O'Malley: U.S. shouldn't send immigrant children back to 'certai - KiiiTV.com South Texas, Corpus Christi, Coastal Bend

O'Malley: U.S. shouldn't send immigrant children back to 'certain death'

 (CNN) -- Maryland Gov. Martin O'Malley advocated for sympathy for the surge of young Central American immigrants flooding the U.S. southern border, arguing that to turn the children away without due process would be un-American given what violence awaits in their home countries.

"We are not a country that should turn children away and send them back to certain death," he told reporters Friday at a National Governors Association meeting in Nashville.

A potential 2016 Democratic presidential candidate, O'Malley's comments break from those made by former Secretary of State Hillary Clinton at a CNN town hall event last month.

Clinton is seen as the prohibitive Democratic frontrunner in 2016, should she decide to jump in the race.

She told moderator CNN's Christiane Amanpour that the United States needs to "send a clear message, just because your child gets across the border doesn't mean your child gets to stay."

"They should be sent back as soon as it can be determined who responsible adults in their families are, because there are concerns whether all of them should be sent back," Clinton said. "But I think all of them who can be should be reunited with their families."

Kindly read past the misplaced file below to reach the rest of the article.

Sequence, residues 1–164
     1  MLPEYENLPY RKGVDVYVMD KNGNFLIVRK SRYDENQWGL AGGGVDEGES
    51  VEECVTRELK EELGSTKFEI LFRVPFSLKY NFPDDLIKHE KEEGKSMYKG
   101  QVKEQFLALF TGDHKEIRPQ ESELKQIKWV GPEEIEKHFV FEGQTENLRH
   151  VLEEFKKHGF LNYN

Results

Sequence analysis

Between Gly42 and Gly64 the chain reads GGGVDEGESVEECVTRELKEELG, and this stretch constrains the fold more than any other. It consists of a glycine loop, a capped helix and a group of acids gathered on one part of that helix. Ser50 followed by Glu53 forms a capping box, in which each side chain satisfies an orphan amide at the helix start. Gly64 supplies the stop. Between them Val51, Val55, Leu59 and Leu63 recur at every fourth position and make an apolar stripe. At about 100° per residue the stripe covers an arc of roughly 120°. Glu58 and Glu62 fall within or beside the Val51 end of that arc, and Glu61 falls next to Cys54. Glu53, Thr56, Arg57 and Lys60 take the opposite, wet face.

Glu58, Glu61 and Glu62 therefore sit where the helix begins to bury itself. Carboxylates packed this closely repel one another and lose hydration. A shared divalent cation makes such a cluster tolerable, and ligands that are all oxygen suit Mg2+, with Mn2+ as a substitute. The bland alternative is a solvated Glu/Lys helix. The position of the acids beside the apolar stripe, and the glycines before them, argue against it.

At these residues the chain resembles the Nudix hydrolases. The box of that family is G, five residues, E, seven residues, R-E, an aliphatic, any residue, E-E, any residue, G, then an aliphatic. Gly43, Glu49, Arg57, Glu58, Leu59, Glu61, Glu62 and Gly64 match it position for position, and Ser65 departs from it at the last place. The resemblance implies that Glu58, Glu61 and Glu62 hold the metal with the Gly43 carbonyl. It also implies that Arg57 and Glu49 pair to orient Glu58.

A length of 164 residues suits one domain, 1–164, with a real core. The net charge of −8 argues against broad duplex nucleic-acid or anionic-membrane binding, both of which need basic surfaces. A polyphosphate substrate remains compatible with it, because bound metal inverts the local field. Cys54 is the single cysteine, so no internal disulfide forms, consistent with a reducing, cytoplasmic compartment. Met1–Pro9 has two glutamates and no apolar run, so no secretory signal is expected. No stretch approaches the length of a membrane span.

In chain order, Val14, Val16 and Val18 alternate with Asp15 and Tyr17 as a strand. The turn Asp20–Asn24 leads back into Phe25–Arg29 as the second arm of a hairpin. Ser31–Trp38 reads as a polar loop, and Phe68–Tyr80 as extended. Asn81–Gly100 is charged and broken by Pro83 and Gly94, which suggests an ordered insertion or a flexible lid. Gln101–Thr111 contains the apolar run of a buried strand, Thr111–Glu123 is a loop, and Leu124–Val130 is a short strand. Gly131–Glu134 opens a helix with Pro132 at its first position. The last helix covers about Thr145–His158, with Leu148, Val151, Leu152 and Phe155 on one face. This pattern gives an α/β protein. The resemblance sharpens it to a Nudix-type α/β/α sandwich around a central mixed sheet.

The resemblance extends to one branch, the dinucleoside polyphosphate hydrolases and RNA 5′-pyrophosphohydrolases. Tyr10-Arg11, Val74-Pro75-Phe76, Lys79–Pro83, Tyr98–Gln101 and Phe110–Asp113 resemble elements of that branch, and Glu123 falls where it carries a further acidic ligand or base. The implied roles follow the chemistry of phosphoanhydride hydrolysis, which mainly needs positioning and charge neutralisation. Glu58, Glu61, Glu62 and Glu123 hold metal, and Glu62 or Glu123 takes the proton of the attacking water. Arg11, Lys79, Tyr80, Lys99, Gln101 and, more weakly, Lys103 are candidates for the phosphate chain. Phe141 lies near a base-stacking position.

The pro-GOP opposition research shop, America Rising, pounced on O'Malley's split with Clinton on immigration, posting audio of his comments to its website and highlighting the two Democrats differing stances on the heated issue.

The Obama administration has asked Congress for nearly $4 billion in emergency funds to help speed up the processing of the child immigrants. But Republicans immediately raised concerns, especially over cost of the measure. And the fact that midterm elections are less than four months away doesn't help.

O'Malley said the children deserve due process under U.S. law.

"They should have their ability to make their case for protection and asylum in the United States," he said.

"I believe that it is contrary to everything that we stand for as a people to try to summarily send back to death, whether it's in famine; death whether it's in the middle of the ocean; death whether it's in a war torn area or death in a place where gangs are the greatest threat to stability and the rule of law and Democratic institutions in this hemisphere."
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